If you love the outdoors, check out the Frasassi Caves, west of Ancona. In my opinion, these are some of the best natural caves you can visit in Italy. Not far from there, if you love to hike, you can visit the Sibillini Mountains and their natural park (which is about 1.5 hours from Ancona by car).

If you love sandy beaches and easy walks along the shore and especially if you like fifties rock ‘n’ roll music and style, check out Senigallia in August for its famous Summer Jamboree, one of the best 50s-dedicated events in Europe with big bands and festival-goers from every part of Italy.

Tell us about the local dishes. What should people try here?

Typical food from Ancona is seafood, especially mussels (moscioli) served in any way, even as a pasta sauce.

Another popular dish is brodetto, a fish soup from a poor tradition but nowadays very appreciated. The most traditional dish in Ancona is stocafisso all’Anconetana, which is Norwegian stockfish cooked in a pan with potatoes and tomatoes. Fish is always good around here, particularly fried.

If you do not love fish, try gnocchi con sugo di papera (potato dumplings in duck-sauce) or vincisgrassi (a particular kind of lasagna).

What are your top three favorite bars and restaurants?

Gnao Gatti (at Via della Beccheria 3) in the old town is a good bar for every season. Ulderico (at Via Terenzio Mamiani 9) is a very good restaurant for fried fish (and don’t worry about getting dressed up; it’s a very working class atmosphere). Il Giardino (at Via Fabio Filzi 2) is a good restaurant for everything. And La Rocca di Offagna (at Via della Arengo 71 in the village of Offagna) is very good for pizza.

Is there anything tourists do that locals find rude or strange? What can we do to better fit in with the culture?

Not really. Ancona is not really used to having tourists around, which is both bad and good. The bad news is that the city is not very prepared (like other Italian cities) to host and attract visitors and the monuments might be a bit more hidden or dirty. The good news is that you will always have a genuine and authentic experience here.

What is the best way to meet locals and make friends?

It’s not very easy to meet new friends in Ancona. The best option would be using or being introduced to the locals by a mutual friend.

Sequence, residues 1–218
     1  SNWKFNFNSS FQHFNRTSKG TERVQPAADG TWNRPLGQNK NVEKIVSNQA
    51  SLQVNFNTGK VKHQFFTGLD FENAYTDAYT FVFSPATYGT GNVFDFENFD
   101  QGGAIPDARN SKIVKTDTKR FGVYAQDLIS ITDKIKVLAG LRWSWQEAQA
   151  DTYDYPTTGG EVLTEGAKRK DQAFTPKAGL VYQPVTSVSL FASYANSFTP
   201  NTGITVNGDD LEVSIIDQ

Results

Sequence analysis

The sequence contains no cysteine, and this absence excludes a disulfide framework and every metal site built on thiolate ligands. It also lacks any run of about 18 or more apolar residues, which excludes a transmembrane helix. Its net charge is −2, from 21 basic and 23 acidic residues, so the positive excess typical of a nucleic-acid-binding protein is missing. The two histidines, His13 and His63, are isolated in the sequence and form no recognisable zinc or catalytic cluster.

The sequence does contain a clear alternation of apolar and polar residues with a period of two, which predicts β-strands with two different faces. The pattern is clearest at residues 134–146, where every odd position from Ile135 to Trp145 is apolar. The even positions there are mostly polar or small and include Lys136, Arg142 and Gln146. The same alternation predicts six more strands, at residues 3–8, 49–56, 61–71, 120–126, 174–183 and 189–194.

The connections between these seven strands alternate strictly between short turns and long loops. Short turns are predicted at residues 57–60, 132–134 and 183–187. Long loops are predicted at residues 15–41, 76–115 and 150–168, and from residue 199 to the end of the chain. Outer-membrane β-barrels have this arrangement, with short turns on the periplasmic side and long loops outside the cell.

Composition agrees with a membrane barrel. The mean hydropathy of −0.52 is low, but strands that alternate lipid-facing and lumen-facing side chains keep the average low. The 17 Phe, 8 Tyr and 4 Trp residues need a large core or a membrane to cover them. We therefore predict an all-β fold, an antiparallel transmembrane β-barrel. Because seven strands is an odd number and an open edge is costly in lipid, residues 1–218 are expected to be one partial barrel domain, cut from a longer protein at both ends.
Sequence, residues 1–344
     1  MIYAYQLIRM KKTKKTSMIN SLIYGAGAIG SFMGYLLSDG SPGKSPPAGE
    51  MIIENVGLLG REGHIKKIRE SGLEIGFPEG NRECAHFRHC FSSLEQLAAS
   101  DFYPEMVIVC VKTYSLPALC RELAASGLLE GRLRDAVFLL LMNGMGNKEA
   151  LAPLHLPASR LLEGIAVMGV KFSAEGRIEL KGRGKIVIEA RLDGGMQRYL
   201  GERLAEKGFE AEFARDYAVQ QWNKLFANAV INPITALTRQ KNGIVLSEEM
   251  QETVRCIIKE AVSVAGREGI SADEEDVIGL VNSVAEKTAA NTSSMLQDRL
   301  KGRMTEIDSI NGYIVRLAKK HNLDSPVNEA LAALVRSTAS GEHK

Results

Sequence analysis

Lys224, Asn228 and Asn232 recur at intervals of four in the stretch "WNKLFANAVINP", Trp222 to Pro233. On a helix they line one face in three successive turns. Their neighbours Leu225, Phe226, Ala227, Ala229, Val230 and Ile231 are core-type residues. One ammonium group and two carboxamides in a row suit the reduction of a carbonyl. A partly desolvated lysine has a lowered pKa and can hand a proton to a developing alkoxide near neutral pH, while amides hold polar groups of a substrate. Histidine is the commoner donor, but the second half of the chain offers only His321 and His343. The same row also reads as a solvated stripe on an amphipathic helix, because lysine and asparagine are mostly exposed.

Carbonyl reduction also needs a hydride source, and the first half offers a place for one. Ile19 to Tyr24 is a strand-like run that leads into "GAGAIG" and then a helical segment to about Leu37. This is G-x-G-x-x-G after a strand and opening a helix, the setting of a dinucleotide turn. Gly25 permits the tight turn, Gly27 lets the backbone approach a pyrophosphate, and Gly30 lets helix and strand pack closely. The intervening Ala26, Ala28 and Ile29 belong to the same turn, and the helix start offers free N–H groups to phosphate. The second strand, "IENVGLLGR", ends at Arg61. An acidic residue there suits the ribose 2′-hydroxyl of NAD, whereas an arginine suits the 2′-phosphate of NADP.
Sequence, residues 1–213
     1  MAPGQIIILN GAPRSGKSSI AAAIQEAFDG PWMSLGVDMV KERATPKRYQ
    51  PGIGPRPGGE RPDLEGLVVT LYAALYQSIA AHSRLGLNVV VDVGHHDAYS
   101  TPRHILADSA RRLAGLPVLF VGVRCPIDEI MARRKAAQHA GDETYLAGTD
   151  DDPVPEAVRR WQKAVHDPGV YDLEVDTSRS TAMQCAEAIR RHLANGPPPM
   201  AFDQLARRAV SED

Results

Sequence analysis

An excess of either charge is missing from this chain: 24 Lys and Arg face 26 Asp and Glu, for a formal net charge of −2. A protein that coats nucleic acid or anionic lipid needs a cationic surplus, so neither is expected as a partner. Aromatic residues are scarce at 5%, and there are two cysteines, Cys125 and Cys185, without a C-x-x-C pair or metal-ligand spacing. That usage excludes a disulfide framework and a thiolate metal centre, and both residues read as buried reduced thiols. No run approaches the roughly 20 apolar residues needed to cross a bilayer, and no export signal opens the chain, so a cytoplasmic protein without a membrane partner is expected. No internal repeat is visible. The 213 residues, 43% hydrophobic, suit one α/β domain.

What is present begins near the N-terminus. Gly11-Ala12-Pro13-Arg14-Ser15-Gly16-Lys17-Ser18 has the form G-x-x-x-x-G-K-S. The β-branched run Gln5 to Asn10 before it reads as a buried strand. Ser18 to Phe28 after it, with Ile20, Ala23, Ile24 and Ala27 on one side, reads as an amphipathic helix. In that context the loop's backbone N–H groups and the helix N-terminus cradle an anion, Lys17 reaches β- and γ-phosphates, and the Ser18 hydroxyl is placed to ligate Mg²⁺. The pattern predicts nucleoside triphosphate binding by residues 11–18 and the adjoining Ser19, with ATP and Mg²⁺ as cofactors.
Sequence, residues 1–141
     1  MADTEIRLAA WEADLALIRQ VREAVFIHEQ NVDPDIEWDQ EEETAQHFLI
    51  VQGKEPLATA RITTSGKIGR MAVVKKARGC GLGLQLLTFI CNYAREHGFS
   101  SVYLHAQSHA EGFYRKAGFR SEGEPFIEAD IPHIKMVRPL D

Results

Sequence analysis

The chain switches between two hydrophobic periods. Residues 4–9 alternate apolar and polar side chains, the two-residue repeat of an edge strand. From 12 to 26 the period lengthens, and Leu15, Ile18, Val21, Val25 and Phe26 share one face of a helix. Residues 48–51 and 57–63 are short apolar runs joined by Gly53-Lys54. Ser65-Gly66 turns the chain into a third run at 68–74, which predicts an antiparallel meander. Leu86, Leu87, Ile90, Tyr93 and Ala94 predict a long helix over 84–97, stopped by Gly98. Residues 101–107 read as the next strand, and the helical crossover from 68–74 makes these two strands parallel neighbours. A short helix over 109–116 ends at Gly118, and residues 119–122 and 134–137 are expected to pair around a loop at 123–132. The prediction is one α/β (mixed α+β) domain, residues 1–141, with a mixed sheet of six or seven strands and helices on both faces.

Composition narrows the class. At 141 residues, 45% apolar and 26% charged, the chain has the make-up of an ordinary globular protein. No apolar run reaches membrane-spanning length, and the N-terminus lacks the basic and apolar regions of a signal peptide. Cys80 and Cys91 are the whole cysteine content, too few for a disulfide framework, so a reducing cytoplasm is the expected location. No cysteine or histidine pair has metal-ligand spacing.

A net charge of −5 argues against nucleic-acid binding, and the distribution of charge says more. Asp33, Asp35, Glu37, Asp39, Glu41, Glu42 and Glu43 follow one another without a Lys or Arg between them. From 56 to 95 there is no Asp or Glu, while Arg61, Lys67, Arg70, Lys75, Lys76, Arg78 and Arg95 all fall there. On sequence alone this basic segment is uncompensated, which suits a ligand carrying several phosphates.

Why should people make sure to visit Ancona?

Because it is one of the less stereotypical cities in central Italy and is still undiscovered and authentic. It has good food, a beautiful and sweet countryside (similar to Tuscany), small villages with cheap food, a lot of nature (Parco del Conero and the Sibillini Mountains, to start), and mild weather (compared to the hot south and humid north of the country).

Authentic Ancona is where you can find fishermen’s caves by the sea, where you can experience the real local life in the summer by having a swim, canoeing, eating pasta with mussels with the locals, and staying in a cave by the sea at night (of course, first you have to know someone from there who can host you in a cave).

What is the best place to go take beautiful photos of the city?

I would take pictures in Parco del Cardeto and in the old town, especially near Cattedrale di San Ciriaco. For great shots by the sea, head to the caves, especially at dawn, when you can see the sun rising from the sea and projecting amazing light on the different-colored gates of the caves.

Anything else you want us to know?

Maybe Marche region, and especially Ancona, can look like a little bit poorer in touristic facilities compared to Romagna, Umbria, and Tuscany (our biggest competitors), but the point is: in Marche we are still authentic and there’s so much to discover. Truly, our region is rich in art, nature, wine, and food. We would love for you to come and see.